Building custom hand drums at http://www.rhythmhousedrums.com
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Re: Some New Djembes I've Recently Finished

Postby ABAKUA » Thu Jul 12, 2012 12:37 pm

Congrats, they look very solid. My knowledge on Djembe is extremely limited, but those look real good. Good job!
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Re: Some New Djembes I've Recently Finished

Postby CongaTick » Thu Jul 12, 2012 1:10 pm

WOW! Absolutely stunningly complex craftsmanship.
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Re: Some New Djembes I've Recently Finished

Postby Psych1 » Thu Jul 12, 2012 2:27 pm

Beautiful drums-I bet they sound wonderful.

Is that a synthetic skin on the top one?
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Re: Some New Djembes I've Recently Finished

Postby KevBo » Thu Jul 12, 2012 9:25 pm

It is synthetic. Here is a video of it, http://www.youtube.com/watch?v=DMWGN7VwIJY

Here is a video of a previous "pro series" with goat skin http://www.youtube.com/watch?NR=1&featu ... ktelnAB6Lg

Thanks for the complements guys!
Building custom hand drums at http://www.rhythmhousedrums.com
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Re: Some New Djembes I've Recently Finished

Postby p.a.dogs1 » Fri Jul 13, 2012 5:45 pm

KevBo wrote:The heart is the customers logo or brand (she's a painter and uses this as her signature)

Okay. I didn´t recognize that it is a heart.

KevBo wrote:By hooklet do you mean the disk with my logo and serial number?

The heart. For me it looks like a hook - in a dictionary I found "hooklet" with the meaning "small hook".

I like your logo and I understand the sense of a serial number. When I started building cajones I did not even have a brand´s name. But musicians apparantly want to play instruments with logo (maybe they feel naked without :wink:). I started thinking about the problem to keep my logo independent from the instrument – or seen from the other side: not to make the logo become part of the instrument itself. Today´s instruments (especially cajones) are often just background areas for the producers´ promotion.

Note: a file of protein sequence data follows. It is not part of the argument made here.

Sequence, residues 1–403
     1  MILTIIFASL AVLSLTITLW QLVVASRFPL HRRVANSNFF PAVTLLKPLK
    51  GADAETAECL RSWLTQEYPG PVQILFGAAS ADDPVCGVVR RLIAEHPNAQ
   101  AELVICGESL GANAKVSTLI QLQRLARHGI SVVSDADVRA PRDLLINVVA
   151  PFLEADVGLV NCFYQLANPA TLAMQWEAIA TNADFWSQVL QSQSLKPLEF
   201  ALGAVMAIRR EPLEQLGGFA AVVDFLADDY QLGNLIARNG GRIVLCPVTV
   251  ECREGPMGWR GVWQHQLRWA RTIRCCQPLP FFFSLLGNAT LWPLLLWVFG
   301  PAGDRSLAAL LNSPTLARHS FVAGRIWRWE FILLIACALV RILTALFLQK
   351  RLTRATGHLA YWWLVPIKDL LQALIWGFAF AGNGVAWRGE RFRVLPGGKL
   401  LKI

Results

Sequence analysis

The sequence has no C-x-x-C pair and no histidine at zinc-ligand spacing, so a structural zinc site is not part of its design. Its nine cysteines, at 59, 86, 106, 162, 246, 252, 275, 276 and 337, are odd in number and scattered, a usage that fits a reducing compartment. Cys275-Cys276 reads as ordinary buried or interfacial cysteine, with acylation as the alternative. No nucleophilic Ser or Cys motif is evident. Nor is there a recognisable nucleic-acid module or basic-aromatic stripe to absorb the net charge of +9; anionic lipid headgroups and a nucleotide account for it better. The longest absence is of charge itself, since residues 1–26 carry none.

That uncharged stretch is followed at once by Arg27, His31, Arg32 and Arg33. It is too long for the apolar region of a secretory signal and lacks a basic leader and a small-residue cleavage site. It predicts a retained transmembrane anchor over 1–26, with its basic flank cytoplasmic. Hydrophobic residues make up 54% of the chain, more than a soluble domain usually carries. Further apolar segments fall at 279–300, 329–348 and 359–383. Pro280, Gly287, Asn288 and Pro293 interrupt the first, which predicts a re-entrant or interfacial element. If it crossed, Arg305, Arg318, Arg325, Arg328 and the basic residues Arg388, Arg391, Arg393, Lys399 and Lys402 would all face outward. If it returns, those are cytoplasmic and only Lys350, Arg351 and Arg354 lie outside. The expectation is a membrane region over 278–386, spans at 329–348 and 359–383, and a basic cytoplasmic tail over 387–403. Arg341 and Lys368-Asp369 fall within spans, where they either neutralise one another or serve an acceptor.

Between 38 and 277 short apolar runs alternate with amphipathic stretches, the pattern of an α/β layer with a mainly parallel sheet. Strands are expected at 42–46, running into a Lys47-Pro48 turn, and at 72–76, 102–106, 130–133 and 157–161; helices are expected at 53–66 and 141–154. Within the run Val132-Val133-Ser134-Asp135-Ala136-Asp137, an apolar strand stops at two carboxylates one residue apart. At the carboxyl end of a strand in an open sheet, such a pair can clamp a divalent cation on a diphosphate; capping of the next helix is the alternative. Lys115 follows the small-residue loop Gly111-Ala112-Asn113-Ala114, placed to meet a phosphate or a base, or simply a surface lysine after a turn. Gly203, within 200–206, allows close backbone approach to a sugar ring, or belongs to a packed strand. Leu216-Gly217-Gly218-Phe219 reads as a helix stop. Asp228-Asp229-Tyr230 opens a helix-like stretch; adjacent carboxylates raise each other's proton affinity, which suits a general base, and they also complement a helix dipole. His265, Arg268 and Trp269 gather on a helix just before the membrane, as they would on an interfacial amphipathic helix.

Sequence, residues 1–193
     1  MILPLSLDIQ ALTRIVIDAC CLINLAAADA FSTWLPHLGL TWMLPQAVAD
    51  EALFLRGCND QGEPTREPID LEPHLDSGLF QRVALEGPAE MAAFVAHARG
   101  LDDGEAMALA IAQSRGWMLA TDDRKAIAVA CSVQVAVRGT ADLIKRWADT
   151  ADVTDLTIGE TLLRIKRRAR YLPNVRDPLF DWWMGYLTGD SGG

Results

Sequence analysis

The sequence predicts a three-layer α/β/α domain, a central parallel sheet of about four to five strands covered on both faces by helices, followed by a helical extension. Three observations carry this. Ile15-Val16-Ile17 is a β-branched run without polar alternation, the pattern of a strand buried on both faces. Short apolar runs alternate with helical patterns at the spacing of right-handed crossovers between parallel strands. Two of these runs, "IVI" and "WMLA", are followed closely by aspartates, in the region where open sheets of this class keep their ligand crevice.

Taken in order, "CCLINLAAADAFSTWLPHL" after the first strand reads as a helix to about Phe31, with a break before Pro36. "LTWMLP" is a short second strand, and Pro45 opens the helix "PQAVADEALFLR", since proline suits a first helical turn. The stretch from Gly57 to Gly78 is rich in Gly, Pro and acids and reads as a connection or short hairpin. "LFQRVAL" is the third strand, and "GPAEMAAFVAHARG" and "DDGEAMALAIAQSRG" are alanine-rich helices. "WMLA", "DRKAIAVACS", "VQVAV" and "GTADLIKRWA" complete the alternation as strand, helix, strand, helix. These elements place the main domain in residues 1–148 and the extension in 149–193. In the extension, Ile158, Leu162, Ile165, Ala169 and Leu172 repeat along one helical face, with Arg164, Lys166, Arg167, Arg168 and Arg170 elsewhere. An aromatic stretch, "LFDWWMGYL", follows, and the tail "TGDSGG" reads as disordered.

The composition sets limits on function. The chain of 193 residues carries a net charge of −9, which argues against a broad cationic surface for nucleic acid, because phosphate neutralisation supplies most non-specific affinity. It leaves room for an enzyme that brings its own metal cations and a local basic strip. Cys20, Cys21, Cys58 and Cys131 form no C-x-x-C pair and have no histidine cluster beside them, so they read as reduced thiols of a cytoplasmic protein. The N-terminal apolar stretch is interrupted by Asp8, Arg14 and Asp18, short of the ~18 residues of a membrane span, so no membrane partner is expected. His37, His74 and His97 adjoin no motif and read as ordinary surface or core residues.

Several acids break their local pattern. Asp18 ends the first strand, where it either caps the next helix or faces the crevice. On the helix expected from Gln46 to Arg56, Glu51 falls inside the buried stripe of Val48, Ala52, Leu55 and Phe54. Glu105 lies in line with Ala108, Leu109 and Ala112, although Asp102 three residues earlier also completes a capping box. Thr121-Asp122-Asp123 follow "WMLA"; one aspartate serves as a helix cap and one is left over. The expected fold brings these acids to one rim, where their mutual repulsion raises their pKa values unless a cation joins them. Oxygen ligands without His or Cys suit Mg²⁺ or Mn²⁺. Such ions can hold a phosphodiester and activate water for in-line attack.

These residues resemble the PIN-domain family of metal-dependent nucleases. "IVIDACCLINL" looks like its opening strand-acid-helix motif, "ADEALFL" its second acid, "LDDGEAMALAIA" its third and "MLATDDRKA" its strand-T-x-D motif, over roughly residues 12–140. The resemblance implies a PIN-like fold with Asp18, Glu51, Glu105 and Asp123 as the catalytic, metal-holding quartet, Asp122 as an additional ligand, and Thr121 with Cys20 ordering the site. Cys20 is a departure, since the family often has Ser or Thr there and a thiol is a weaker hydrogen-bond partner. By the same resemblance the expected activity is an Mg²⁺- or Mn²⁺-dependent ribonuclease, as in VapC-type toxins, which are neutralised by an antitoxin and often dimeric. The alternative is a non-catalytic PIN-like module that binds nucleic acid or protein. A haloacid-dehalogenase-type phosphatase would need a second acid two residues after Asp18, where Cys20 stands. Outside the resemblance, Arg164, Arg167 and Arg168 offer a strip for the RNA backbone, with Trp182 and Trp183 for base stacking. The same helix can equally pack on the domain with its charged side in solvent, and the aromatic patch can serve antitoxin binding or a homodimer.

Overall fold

KevBo wrote:Rest assured that the form of this drum was developed over tons of trial and error while attaining to achieve the best content. In form is function, and this shape is just that.

I am wondering about the synthetic heads, because I know that the big companies have to offer a minimum purchase in order to get Remo to make them in the needed shape. I know a German conga maker who copied the top area of a widely used model. This gives him the option to offer his instruments with synthetic heads as well. How are you adapting your djembés to the heads or contrary: the heads to your djembés (maybe by copying a LP djembé´s shape inside the range of 3-5 cm from the top edge?)

KevBo wrote:... where the professional is going to require a more refined sound and know his craft. He wants from the drum what is asked of it and wont enjoy playing a djembe that doesn't deliver.

I just asked because many fascinating playing skills were developed as kompensations of bad instruments.